Peter Sutcliffe
The Yorkshire Ripper

In 1981, Peter Sutcliffe – the Yorkshire Ripper – was sentenced to 30 years' imprisonment for a series of 13 murders and 7 attempted murders in and around West Yorkshire district over a period of 5 years, including the murders of Margaret Victoria Simpson, Olive Smelt, and Josephine Whitaker.

During the police investigation which was led by Chief Constable George Oldfield, Sutcliffe had been interviewed and eliminated 9 times.

The police wasted much time chasing a man with a Newcastle accent who had written 3 letters and recorded a tape confessing to the crimes and taunting the police. The tape was broadcast in June 1979. His accent was identified as being from the Castletown area of Sunderland, and so he became known as Wearside Jack. In the letters, he claimed responsibility for the Yorkshire Ripper's crimes.

Because the letters and the tape led police to seek someone with a Wearside accent, they diverted their attention away from the hunt for the real killer, Peter Sutcliffe, and enabled him to commit 3 further murders. In March 1979, the hoaxer sent the third and final letter – only 13 days before the real Yorkshire Ripper killed Josephine Whitaker.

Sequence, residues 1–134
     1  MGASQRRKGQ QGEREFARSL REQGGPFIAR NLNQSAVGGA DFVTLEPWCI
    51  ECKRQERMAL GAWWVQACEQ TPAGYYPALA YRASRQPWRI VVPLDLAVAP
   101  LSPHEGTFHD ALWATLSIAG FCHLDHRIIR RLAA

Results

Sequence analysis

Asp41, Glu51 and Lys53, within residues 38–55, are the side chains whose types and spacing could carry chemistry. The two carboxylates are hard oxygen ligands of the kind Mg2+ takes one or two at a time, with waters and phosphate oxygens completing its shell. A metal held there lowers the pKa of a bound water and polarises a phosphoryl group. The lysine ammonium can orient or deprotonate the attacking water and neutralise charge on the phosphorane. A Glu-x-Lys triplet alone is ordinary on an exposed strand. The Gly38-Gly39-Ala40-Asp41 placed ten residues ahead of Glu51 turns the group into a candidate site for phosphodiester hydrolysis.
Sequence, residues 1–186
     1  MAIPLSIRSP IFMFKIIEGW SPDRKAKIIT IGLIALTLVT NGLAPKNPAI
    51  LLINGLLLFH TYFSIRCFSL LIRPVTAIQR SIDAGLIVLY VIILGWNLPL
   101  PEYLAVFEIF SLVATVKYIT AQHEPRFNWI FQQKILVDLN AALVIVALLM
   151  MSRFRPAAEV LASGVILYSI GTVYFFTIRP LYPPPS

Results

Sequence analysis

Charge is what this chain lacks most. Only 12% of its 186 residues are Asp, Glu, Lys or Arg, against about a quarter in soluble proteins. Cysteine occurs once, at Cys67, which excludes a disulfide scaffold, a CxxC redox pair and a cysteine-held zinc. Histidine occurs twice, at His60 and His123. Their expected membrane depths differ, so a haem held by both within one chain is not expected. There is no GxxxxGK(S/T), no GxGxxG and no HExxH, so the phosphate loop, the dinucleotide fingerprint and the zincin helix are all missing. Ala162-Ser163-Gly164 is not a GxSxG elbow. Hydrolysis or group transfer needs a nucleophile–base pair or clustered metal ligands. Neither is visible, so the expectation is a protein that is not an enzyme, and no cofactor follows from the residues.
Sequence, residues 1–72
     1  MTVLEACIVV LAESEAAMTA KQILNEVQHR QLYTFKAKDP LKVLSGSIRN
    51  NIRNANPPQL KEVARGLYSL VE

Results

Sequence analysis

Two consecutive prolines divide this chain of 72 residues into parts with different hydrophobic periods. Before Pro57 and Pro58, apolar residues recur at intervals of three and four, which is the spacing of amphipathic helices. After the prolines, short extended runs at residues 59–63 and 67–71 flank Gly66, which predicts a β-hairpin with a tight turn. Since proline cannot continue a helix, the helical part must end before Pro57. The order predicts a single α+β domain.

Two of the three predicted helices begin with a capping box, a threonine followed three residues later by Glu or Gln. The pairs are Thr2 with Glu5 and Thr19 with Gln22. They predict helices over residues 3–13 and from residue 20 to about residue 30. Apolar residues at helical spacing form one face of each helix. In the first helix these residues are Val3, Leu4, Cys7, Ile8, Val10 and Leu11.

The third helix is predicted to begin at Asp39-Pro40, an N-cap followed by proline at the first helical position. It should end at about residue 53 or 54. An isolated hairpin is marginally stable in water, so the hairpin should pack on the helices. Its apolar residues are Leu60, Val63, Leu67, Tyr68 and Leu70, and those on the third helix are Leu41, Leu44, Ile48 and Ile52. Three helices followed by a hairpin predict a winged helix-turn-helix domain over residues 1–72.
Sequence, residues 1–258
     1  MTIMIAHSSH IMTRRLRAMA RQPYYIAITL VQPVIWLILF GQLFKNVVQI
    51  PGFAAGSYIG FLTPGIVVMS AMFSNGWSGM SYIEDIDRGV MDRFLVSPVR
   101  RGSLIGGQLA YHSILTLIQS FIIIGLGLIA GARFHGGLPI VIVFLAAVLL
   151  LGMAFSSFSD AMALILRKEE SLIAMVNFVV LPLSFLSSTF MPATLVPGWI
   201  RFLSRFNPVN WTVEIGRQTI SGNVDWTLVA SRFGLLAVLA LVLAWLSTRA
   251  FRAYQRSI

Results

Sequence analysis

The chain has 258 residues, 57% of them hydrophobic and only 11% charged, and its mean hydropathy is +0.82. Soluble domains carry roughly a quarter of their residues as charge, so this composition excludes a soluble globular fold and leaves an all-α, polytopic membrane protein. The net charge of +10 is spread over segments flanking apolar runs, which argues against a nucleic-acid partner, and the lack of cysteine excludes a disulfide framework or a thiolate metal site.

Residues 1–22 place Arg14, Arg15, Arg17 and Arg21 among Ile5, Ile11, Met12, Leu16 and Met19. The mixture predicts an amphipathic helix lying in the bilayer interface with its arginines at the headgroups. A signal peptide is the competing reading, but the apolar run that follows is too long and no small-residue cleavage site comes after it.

Olive Smelt was the first to observe that the murderer did not have a Geordie accent.

In January 1981, Sutcliffe came under suspicion when was arrested for driving a car with false number plates in the red-light district of Sheffield.

He was tried and sentenced to 30 years' imprisonment in 1981.

He claimed to have heard voices from God, and was diagnosed as paranoid schizophrenic. He was certified insane in 1983.

In 2005, it was claimed that Wearside Jack was a member of the police force. In July 2005, West Yorkshire Police said that the audio tape and letters from the hoaxer had been misplaced.

Using DNA evidence obtained from saliva in the glue on the hoax letters, new enquiries were started. In October 2005, detectives from West Yorkshire travelled to Sunderland to arrest 49-year-old John Humble on suspicion of perverting the course of justice in connection with hoax letters and the tape. In March 2006, Humble was sentenced to 8-years' imprisonment.

In January 2011, Sutcliffe – then known as Peter Coonan – lost his appeal against an order that he can never be released.

Sutcliffe died in Durham on 13th November 2020 and his body was cremated

The case highlighted several shortcomings within the Police service

© Malcolm Bull 2023
Revised 11:51 / 20th November 2023 / 4646

Page Ref: QQ_167

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